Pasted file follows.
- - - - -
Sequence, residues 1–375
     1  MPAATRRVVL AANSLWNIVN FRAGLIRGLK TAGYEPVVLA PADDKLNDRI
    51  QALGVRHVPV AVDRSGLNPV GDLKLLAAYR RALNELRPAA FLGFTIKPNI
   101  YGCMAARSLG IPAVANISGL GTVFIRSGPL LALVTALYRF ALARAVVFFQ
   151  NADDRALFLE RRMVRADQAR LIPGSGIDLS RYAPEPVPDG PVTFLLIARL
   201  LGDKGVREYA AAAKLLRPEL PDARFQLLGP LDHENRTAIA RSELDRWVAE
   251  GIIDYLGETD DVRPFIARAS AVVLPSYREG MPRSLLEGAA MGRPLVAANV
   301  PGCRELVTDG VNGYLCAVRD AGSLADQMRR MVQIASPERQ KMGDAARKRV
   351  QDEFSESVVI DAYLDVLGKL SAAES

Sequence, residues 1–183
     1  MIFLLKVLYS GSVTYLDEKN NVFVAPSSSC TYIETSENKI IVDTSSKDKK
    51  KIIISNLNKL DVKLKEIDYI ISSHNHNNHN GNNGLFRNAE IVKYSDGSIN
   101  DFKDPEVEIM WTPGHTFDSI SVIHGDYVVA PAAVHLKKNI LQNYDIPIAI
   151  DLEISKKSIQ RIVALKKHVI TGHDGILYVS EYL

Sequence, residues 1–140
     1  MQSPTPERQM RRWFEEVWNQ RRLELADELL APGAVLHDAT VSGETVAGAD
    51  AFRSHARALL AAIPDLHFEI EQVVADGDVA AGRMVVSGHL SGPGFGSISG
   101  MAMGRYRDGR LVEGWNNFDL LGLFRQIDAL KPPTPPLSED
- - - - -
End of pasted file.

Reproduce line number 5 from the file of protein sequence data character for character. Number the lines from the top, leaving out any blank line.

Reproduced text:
   151  NADDRALFLE RRMVRADQAR LIPGSGIDLS RYAPEPVPDG PVTFLLIARL